Different cauterizing effects can be achieved by changing the voltage of the current as well as the pattern of electric pulses. When lower voltage is used with a continuous AC current, heat is produced very fast and tissue is completely vaporized at the tip of the probe. The effect is dubbed "cutting". When a higher voltage current is used in a pulsed manner, heat is produced more slowly, tissue damage is more widespread (a few mm from the probe) and blood coagulates, and in many electrosurgery instruments this is called "coagulation" mode). This is also used for ablation. Usually a "blend" setting is available as well.

Ultrasonic ablation systems are also available.

Monopolar vs Bipolar

Two kinds of electrocautery are used, monopolar and bipolar (aka. monothermy and diathermy, respectively). Both involve high frequency alternating current and a pair of electrodes, one called active and the other returning. The difference lies in the placement of these electrodes:

  • Monopolar: Current is passed from the probe (active electrode) where cauterization occurs and the patient's body serves as a ground. A grounding pad (returning electrode) is placed on the person's body, usually the thigh, and it carries the current back to the machine. Careful application of the return electrode is necessary as extensive burns can occur undetected if the electrode is not correctly positioned.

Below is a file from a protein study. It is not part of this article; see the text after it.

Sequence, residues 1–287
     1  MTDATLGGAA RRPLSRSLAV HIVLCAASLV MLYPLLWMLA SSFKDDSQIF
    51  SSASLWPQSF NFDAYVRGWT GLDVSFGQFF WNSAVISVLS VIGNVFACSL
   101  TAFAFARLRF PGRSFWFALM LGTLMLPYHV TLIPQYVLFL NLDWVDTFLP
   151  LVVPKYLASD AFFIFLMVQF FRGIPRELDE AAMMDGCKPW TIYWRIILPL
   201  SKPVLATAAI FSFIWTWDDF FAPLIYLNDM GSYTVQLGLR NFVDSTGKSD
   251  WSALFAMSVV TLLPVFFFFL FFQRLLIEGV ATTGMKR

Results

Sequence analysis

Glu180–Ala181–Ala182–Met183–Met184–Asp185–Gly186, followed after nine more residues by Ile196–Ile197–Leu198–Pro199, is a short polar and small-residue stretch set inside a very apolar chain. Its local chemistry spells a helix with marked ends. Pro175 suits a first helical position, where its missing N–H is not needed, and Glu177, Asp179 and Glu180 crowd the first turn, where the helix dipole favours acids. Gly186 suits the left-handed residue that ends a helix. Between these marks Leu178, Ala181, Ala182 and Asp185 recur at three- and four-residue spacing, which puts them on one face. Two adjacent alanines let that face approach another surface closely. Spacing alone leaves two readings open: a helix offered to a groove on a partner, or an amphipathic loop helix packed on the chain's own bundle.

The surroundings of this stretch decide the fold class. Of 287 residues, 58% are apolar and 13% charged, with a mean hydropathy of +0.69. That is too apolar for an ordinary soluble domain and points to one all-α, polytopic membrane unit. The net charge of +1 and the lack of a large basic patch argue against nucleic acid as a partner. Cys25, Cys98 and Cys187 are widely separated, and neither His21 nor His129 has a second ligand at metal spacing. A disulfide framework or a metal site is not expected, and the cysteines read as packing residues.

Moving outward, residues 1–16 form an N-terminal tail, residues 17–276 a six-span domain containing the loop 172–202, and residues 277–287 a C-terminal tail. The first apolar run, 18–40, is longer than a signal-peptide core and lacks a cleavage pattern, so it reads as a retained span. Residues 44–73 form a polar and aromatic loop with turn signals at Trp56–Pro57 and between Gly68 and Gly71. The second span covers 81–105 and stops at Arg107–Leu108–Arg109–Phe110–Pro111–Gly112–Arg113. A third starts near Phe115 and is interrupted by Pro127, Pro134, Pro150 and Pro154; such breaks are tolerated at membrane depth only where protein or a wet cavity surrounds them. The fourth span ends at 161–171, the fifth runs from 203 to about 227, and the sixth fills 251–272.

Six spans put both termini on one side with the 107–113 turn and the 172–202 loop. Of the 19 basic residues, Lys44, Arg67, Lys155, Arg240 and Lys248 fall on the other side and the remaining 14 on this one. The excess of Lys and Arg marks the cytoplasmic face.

• Bipolar: The active and receiving electrodes are both placed at the site of cauterization. The probe is usually in the shape of a forceps with each tine forming one electrode, cauterizing only the tissue between the electrodes.


Different shapes of cautery probes are used for different purposes. A common monopolar probe is pen-shaped but ending in a small slender scalpel-shaped spatula of about 5×30 mm. This can serve both as a coagulator and as an electric scalpel. The typical bipolar probe resembles a pair of tweezers which grasp and cauterize a small piece of tissue. Variants of these probes are used both in open surgery and in modern minimally invasive surgery. The surgeon operates the probe either by pushing a button on its shaft or with a foot pedal. Many times you will hear the electrocautery device referred to as a "Bovie". Typically an electrocautery unit will come in a holster that has a scratch pad. This pad is used to clean the charred tissue from the cautery tip.

Alternate Burnsites

When using monopolar electrocautery it is important that the grounding pad be the only way by which the current passes through the body. Electricity always follows the path of least resistance, and if that is via some ground-connected piece of metal touching the patient by chance, a burn might result there as well as at the tip of the cautery probe. Thus great care must be taken that the patient be insulated from the ground and that the large grounding pad be thoroughly attached to the patient. Defects in insulation of the monopolar instrument and capacitative coupling can lead to trauma to non-target tissue.